The minimum focusing distance of 1.3 metres of the M.Zuiko 100-400 zoom is not affected when teleconverters are used. If a photographer can respond quickly enough, some wonderful close up photographs are possible as you can see with the next two images. Using an efov of over 1000 mm with a subject bird that is less than 3 metres away is nothing short of incredible!
This close focusing capability when using a long efov contributes significantly to this lens/teleconverter combination and my E-M1X being my bird photography sweet spot.
Using the M.Zuiko MC-14 causes a loss of 1 stop of light. To me this is a small price to pay for an additional 40% in reach. As long as I don’t under expose images, I’m very comfortable using ISO values as high as ISO-6400 with my E-M1X.
My revised, and now standard post processing approach, is working very well. Worrying about ISO values with my bird photography is something that I simply don’t bother doing.
Capturing the mourning dove image above was another confirmation that the E-M1X/M.Zuiko 100-400/MC-14 combination was my bird photography sweet spot. I was slowly hiking down a path at Hendrie Valley when this mourning dove landed just in front of me, about 7 metres away. These birds tend to be skittish around people and I’ve never had one land so close to me before. I had one chance to get my photograph. My E-M1X with the M.Zuiko 100-400 with MC-14 teleconverter nailed it with the full frame capture above.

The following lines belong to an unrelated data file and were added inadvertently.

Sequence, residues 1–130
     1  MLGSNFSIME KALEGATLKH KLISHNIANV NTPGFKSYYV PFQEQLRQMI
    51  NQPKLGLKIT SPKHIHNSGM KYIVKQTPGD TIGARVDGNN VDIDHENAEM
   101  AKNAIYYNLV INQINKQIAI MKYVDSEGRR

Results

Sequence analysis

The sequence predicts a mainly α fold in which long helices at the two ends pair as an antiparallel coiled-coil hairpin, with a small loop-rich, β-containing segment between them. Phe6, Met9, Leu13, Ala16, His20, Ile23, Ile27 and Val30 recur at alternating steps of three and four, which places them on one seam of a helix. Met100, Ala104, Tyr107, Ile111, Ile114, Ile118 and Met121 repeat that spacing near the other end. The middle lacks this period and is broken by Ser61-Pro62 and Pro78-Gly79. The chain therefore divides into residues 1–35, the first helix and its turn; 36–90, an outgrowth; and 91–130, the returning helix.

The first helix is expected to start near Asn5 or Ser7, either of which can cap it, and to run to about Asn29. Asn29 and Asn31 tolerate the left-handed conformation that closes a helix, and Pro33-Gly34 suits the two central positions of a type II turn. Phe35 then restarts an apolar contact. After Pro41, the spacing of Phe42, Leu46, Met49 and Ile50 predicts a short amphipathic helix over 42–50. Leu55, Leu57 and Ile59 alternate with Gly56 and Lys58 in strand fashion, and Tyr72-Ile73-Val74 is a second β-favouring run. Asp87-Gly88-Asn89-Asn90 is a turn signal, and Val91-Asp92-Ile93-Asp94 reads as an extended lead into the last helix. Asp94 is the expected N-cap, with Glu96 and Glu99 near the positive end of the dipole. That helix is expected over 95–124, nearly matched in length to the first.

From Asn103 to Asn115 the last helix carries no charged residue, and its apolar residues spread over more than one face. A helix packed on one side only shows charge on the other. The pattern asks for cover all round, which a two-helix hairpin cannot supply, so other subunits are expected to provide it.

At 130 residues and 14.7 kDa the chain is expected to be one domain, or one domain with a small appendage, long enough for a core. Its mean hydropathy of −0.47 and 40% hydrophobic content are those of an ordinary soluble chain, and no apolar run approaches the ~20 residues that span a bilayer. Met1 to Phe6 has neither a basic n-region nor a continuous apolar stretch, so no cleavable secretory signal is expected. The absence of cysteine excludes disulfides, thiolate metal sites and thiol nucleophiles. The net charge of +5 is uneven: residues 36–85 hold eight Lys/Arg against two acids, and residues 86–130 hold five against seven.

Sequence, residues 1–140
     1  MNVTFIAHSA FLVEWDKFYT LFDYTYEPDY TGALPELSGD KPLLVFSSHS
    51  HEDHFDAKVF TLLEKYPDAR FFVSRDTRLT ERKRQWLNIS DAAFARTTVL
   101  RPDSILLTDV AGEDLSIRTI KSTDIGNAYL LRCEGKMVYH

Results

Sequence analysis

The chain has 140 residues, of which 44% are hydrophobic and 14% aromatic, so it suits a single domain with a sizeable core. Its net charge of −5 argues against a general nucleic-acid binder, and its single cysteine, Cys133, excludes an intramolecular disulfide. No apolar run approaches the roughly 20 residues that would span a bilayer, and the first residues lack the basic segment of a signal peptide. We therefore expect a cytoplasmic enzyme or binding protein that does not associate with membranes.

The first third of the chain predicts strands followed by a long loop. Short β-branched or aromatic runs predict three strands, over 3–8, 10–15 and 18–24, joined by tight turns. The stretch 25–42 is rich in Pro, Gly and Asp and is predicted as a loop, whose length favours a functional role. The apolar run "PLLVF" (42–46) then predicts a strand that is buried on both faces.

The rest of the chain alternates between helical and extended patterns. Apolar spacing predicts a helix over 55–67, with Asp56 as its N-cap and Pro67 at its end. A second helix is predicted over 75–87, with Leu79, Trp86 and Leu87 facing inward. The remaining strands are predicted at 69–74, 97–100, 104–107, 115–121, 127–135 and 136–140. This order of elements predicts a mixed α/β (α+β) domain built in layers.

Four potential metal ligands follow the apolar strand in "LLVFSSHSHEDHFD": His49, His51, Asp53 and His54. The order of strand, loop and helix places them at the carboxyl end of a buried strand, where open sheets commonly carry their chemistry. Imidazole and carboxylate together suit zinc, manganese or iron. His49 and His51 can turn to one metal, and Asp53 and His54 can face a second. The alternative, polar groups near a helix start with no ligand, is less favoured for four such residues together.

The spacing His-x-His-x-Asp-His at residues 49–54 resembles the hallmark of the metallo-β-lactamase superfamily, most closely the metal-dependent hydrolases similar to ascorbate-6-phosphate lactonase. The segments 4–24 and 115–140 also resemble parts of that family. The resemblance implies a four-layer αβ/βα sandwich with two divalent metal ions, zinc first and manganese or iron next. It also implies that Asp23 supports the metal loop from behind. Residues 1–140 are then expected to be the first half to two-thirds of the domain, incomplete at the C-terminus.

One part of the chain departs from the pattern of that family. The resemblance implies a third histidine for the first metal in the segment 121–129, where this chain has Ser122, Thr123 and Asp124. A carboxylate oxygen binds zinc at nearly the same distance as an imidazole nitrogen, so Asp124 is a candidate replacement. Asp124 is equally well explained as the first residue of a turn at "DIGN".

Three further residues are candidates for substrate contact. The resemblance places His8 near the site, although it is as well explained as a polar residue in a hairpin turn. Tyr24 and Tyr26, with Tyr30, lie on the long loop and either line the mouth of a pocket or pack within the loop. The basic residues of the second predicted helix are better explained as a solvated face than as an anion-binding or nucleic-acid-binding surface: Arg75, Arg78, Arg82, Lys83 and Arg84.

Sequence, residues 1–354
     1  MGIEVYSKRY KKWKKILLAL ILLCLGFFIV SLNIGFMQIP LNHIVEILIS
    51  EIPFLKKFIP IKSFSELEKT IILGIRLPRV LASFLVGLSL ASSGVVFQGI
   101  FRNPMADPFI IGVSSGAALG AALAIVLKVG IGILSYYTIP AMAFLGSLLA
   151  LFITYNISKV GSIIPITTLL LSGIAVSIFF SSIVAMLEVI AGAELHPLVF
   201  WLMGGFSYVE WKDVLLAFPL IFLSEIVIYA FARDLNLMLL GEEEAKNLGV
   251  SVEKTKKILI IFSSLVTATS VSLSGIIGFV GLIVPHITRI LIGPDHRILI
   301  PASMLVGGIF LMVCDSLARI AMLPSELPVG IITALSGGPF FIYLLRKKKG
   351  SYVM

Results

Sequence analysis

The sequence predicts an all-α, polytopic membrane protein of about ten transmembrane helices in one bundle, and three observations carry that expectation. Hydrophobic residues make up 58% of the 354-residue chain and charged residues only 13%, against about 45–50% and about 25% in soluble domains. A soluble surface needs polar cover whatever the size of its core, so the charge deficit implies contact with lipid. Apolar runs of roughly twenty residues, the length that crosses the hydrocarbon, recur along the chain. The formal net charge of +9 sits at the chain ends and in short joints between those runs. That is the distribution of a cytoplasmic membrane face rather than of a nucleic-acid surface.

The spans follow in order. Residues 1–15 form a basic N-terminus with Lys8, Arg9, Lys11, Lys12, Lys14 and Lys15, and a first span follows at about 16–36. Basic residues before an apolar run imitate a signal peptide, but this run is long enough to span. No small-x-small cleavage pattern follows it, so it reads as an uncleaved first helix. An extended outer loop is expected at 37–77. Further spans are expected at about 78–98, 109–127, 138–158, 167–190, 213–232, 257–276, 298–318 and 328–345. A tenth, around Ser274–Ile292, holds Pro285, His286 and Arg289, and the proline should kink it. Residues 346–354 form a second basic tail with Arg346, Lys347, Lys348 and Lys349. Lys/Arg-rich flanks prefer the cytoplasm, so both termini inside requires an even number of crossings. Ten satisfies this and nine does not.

Every photographer has their own bird photography sweet spot when it comes to camera gear. As I became more and more comfortable with my personal sweet spot I began to capture images without really having to think about it.
This included acquiring focus behind obstructions in the foreground.
Timing my captures to help create a feeling of anticipation.
And, staying focused on a bird waiting for something a bit different or special to happen.
Finding one’s bird photography sweet spot not only creates a feeling of absolute confidence, but also serves to stimulate creativity.
You can observe behaviours around you and see a photograph in your mind. Then… a few minutes later you can have that image stored on your memory card.
Many of you have already found your bird photography sweet spot. Regardless of the brand and format of camera that you use… you know how that has changed your photography.
For those of you that are still searching for your bird photography sweet spot, it is my sincerest hope that you find that special combination that creates an incredible ‘ah-ha’ moment. Whatever band and camera format that happens to be for you.
For me, its the OM-D E-M1X with the M.Zuiko 100-400 mm f/5-6.3 and M.Zuiko MC-14 teleconverter.
Photographs were captured hand-held using camera gear as noted in the EXIF data. Images were produced from RAW files using my standard process. Many photographs are displayed as full frame captures. Cropping is indicated where appropriate. A lens module for the M.Zuiko 100-400 mm f/5-6.3 IS lens was not yet available for DxO PhotoLab 4 at the time of writing this article.